I had hit the wall…. not the wall of pain, actually I felt fresh and was practically running up and DOWN the mtn…practically. There were rock walls all around, but none to scale today…the simple trail to the summit was working just fine. The wall I was about to hit today was a group of 7th graders from Wall, Texas who were out here on spring break with their teachers and parents…
I had started about 1 1/2 hours after them but now as I was in reach of the summit of Guadalupe Peak, I saw groups of people strung out ahead of me like ants. Passing them in the single tracked trail took a combination of speed and small jumps around them when the opportunity presented itself because, like most teenagers, they were reluctant to give way out of courtesy…:-)
When I drove into the park around 0800 I had high hopes of having the peak to myself. There was only 3 middle aged guys like myself there waiting for one of their partners in the john. I decided to press right to the trailhead in the campground. I found some people stirring but nothing seemed out of place except that the parking lot was nearly full. I checked out the trailhead map quickly and started up alone. While standing at the map, I did overhear one lady tell her son that the 50 other kids had already started. Looking up the mountain at the first 2000′ of switchback I saw no one so I assume I had heard wrong.
The trail gains altitude immediately and allows no warm up. With the trailhead at 5700′ I knew I would probably notice again that I live at sea level in VA. But I also figured my cycling this spring would help. It did, and grinding up the switchback, I got into my familiar rhythm, quickly rising from the parking lot into a strong wind, that was gusting up to 40 mph.
The trail was certainly unique and I started drinking water immediately because the heat, sun, and wind combined to rob tons of moisture quickly. I passed a few folks here and there and then as I passed the 3/4 mark, I looked up the next set of switch backs to see a long line of colors…reds, blues, whites, all being worn by lots of people. I had visions of all arriving at the summit together so I kicked into 3rd gear and caught them in the next 30 mins. Catching them was easier than passing them…I had hit the “wall”… After passing three groups of 30 kids and adults I struck off alone, hoping to have the summit to myself before they arrived. One gentleman latched on to me heading up leaving his slower moving spouse.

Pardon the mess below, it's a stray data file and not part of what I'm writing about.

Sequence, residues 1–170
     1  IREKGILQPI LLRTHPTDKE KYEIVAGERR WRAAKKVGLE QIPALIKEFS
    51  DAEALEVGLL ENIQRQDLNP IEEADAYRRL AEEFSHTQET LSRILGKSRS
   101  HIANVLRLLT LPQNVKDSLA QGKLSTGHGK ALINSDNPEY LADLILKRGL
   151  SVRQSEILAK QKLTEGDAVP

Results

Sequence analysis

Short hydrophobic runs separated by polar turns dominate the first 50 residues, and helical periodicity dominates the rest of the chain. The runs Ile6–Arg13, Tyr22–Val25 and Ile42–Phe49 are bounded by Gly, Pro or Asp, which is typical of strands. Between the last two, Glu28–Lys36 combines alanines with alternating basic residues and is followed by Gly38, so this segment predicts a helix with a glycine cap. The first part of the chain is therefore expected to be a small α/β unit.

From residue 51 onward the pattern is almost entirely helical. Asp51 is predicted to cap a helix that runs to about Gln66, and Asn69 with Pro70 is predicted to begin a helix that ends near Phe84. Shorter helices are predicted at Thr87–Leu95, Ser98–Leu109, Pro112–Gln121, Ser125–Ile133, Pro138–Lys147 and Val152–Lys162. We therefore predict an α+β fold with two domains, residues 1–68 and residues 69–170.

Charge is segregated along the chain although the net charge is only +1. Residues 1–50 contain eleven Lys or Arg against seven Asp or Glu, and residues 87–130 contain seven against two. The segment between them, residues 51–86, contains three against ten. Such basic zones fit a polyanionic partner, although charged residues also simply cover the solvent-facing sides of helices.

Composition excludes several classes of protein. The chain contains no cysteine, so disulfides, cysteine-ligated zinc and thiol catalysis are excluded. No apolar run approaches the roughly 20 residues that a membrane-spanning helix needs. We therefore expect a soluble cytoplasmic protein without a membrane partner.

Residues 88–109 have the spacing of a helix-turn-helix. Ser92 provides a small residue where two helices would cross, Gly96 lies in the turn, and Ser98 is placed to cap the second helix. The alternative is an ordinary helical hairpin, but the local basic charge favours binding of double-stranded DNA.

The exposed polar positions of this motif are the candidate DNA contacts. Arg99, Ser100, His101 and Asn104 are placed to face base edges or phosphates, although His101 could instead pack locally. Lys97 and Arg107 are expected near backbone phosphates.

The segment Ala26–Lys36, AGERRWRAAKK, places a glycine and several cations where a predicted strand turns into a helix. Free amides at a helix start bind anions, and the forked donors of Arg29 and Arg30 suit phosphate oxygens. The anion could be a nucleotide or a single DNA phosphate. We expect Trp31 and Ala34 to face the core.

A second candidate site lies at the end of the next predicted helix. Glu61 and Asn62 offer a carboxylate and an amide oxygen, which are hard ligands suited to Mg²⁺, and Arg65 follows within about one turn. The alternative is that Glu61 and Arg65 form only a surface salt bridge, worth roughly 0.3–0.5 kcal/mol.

We struck up a conversation when I realized he was on my heels and found out that he had just retired from the AF. So we talked about things we had in common. He said that he had a daughter behind but that his younger daughter was on the summit as they had just called each other on their FRS radios…my heart sank. When the summit finally came into view I saw a large group of red, white, and blue, well-meaning people sitting at the summit. Oh well… Arriving at the summit at 8,749 feet, I can’t help but notice the huge metal pyramid in tribute to American Airlines …all sorts of strange things on summits of mountains.
I asked one of the 20 close friends from Wall Texas to snap my photo…maybe I can crop out the others in the photo I think silently. I patiently wait to get a chance to sign the log book…boy am I a polite adult.
I notice a sub summit about 40 feet away so I pick up my hip pack and walk over to hit and sit down in the gusty wind to munch a Cliff Bar before starting down. I see movement in the group and decide that they are NOT going to start down and make me pass them all over again. I gather my hip pack and start running…literally. Now, I hike with a lot of different partners, male and female. All are quicker going downhill than me… none have ever seen me jog down a mountain, but on this day I started jogging. True, I was wearing sneakers this day, but I never run downhill.
I was fresh and it felt good so I kept going, moving out ahead of the group, passing all. I basically continued down the entire 4.2 miles reaching the trailhead with bruised toes, but feeling good. The entire round trip had taken 3 hours and change; not bad for a “flatlander” from Virginia.
What could have been…I saw no one on the summit who was not part of the Wall group…I would have had it all to myself. As I read back over this I see I have written more about people than the mountain…some days are like that I guess. Had it been a quiet day on the mountain, it would have been a different experience. Today it turned into more of an athletic event as I gather state highpoint # 31!
Beta: 8.8 miles Round Trip, 3000′ elevation gain, Hiking time: 3 hours, 15 minutes NPS rates it has an 8 hour RT hike